The psalmist makes the same point, “The Lord is gracious and full of compassion, slow to anger and of great kindness. The Lord is loving to everyone and his compassion is over all his works.” (Ps 145.8-9) Here is the thing. Like Jesus we are made in the image and likeness of God and intended to embody and express the attributes of God, the true king. We are intended to be slow to anger and of great kindness, full of compassion, gentle and humble in heart. We are intended to command peace in all nations.

How are we to do or be this? How are we to ward off the news and the uncivil discourse that assaults and carries us away? We are steeped in a world that endorses pride, insolence, disrespect and acrimony. We are constantly bombarded by troubled, irritable, harsh, disagreeable and unkind words and images. If we allow this negativity to grab us and sweep us away we will not be “gentle and humble in heart.”  We will lose all hope.  

But, we are people of God and we find our hope by choosing to live “with-God lives.” So we come together to worship, study and learn from Jesus.  We come together to exchange our  troubled, irritable, harsh, disagreeable and unkind thoughts, words and actions for Jesus’ gentle and merciful ways. We come together to relieve and replace the burdens of our pride, insolence, disrespect and acrimony with Jesus’ compassion and humble heart. 

No, this is not easy, in fact we probably cannot do it by our will alone.  That is why we put our faith in Jesus’ teaching, “For humans it is impossible, but with God all things are possible.” (Matt 19.26)


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Friday, June 30, 2017

The Collect for Independence Day 2 July 2017


The Collect for Independence Day. 
Lord God Almighty, in whose Name the founders of this country won liberty for themselves and for us, and lit the torch of freedom for nations then unborn: Grant that we and all the people of this land may have grace to maintain our liberties in righteousness and peace; through Jesus Christ our Lord, who lives and reigns with you and the Holy Spirit, one God, for ever and ever. Amen.

Reflection        “Behavior that is morally justifiable or right” is the common dictionary definition of “righteousness,” the habitual way of life upon which rests “liberties” for all people. This begs several questions; What behaviors are morally justifiable or right? Who is the arbiter of standards for morality or rightness? For whom do these standards apply? 

Judaism, Christianity and Islam intersect by pointing to Divine Law as expressed in the Hebrew Testament, the Christian Testament and the Qur’an as the standard for human righteousness. The Torah, the Law of Moses, is given to the Israelites during their time wandering in the desert. Then the Book of Leviticus instructs the Israelites how to conduct themselves legally and morally and provides ritual guidance to restore them to right relationship when they turn away from God or engage in impure behavior.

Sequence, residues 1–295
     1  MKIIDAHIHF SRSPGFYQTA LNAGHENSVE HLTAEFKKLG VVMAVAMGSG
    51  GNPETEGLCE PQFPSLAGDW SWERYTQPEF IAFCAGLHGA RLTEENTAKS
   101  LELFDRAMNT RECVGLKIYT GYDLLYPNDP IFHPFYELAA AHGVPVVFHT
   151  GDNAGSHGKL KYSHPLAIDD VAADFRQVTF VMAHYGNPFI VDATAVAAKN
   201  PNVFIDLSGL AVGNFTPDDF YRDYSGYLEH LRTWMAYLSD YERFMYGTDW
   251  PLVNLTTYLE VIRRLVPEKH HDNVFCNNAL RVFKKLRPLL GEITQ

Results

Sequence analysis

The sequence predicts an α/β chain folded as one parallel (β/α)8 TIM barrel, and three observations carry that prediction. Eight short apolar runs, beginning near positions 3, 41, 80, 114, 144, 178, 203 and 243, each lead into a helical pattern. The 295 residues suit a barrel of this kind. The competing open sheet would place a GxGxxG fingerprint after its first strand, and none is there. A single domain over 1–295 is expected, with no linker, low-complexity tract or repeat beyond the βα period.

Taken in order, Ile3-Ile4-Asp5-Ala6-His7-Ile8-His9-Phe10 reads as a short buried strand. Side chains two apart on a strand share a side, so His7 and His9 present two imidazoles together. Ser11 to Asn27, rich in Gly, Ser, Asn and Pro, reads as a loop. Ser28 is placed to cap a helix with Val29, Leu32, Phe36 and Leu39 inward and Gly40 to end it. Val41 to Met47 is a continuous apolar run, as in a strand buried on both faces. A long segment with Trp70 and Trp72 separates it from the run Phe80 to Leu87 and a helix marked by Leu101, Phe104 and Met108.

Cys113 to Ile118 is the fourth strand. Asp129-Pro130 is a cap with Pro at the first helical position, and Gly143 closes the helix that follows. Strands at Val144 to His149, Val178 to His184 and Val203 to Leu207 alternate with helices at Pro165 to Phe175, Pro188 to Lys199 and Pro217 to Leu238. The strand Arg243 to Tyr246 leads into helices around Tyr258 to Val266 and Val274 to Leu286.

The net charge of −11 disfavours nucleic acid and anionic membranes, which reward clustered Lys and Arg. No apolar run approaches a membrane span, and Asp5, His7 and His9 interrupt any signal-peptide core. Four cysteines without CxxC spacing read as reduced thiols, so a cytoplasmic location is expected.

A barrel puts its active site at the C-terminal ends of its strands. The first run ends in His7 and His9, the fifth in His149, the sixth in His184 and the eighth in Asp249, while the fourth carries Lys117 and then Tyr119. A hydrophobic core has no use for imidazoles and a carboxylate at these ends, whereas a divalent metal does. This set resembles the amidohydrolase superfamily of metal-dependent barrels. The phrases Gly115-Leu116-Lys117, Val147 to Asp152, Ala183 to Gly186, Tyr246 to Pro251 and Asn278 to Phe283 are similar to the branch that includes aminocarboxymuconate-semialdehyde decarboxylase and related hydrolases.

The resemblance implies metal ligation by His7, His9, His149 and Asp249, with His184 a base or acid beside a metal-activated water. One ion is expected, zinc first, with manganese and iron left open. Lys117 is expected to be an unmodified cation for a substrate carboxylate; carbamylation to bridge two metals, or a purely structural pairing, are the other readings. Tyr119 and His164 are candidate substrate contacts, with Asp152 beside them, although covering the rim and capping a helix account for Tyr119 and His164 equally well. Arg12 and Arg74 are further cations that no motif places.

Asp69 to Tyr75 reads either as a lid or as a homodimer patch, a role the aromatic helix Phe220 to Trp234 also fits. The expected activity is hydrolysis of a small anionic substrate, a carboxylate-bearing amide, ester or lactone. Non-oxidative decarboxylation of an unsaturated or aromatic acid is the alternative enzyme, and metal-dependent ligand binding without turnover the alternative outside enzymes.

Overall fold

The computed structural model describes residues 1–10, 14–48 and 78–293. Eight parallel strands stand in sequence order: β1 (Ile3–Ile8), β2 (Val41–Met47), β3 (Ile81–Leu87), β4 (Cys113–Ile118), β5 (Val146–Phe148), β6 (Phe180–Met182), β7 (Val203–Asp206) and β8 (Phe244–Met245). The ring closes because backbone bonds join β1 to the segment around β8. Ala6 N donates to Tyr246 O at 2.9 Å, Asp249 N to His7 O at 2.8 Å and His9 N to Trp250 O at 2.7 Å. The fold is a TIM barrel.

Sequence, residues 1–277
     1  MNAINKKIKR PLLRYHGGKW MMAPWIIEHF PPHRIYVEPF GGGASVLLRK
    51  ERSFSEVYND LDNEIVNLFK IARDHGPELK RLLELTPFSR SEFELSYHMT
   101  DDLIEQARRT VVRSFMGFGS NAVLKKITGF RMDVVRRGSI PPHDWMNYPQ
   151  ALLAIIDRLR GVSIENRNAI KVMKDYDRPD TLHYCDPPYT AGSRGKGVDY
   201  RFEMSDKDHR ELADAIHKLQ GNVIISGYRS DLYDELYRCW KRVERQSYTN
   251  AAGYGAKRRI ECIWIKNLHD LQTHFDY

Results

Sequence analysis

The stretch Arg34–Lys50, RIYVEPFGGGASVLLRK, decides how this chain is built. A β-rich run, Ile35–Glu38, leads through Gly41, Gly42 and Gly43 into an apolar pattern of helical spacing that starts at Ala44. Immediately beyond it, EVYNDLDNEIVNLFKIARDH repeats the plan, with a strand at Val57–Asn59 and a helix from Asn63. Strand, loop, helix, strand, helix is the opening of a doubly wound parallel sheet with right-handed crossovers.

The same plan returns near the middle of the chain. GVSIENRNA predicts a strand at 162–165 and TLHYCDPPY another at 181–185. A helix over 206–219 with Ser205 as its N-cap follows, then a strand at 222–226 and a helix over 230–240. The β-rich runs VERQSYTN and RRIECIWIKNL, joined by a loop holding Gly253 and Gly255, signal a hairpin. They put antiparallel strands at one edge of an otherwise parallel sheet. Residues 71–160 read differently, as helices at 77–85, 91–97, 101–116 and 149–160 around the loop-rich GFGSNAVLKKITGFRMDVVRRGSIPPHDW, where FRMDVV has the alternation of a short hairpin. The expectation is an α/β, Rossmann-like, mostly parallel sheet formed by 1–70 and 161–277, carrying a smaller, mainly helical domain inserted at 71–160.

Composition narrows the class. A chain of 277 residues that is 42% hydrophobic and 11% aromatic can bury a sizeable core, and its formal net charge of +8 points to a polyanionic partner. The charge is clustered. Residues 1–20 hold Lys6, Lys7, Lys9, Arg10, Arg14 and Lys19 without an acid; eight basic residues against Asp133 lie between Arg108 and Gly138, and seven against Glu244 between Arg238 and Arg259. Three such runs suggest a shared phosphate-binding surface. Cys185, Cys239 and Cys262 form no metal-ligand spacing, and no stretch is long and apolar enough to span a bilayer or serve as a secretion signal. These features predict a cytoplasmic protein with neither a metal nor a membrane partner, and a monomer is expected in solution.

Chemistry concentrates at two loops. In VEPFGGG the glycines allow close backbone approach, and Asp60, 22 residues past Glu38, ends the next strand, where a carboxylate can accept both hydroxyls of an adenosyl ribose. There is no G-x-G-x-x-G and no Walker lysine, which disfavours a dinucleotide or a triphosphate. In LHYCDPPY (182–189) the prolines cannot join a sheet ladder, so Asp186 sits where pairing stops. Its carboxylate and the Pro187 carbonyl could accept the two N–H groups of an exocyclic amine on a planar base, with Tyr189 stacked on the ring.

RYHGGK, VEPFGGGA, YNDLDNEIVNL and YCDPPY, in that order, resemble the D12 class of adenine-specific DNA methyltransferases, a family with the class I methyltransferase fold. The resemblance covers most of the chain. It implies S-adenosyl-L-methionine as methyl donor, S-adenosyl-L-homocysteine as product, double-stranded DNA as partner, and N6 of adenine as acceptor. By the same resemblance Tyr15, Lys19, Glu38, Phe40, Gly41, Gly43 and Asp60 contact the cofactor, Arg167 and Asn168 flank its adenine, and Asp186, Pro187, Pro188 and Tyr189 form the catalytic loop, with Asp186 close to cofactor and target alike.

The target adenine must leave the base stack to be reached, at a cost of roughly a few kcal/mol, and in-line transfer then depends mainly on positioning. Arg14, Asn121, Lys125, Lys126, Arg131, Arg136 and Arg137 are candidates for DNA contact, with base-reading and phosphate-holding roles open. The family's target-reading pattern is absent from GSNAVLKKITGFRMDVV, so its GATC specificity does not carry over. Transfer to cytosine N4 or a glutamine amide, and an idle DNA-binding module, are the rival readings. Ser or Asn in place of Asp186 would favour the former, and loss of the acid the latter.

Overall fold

In the Christian Testament when a lawyer tested Jesus asking, “Teacher, which commandment in the law is the greatest?’  Jesus said to him, ‘ “You shall love the Lord your God with all your heart, and with all your soul, and with all your mind.” This is the greatest and first commandment. And a second is like it: “You shall love your neighbor as yourself.” On these two commandments hang all the law and the prophets.’” (Matt 22.35-40) In other words, the standard for righteousness given to Christians is to be in loving relationship with God and with all people.

Turning to the Qur’an we find a definition of righteousness given to our Islamic sisters and brothers, “Righteousness is not that you turn your faces to the east and the west [in prayer]. But righteous is the one who believes in God, the Last Day, the Angels, the Scripture and the Prophets; who gives his wealth in spite of love for it to kinsfolk, orphans, the poor, the wayfarer, to those who ask and to set slaves free. And (righteous are) those who pray, pay alms, honor their agreements, and are patient in (times of) poverty, ailment and during conflict. Such are the people of truth. And they are the God-Fearing.” Qur'an Surah 2: Verse 177

All three Abrahamic traditions teach that behaviors that are morally justifiable or right, righteousness, emulate the attributes of God. By embodying the attributes of God we promote, sustain and restore respectful, generous, benevolent and trustworthy relationships among people.  Righteousness, the habitual way of life upon which rests “liberties” for all people, is the root of all three religious traditions. Perhaps it is time for all of us to return to our root.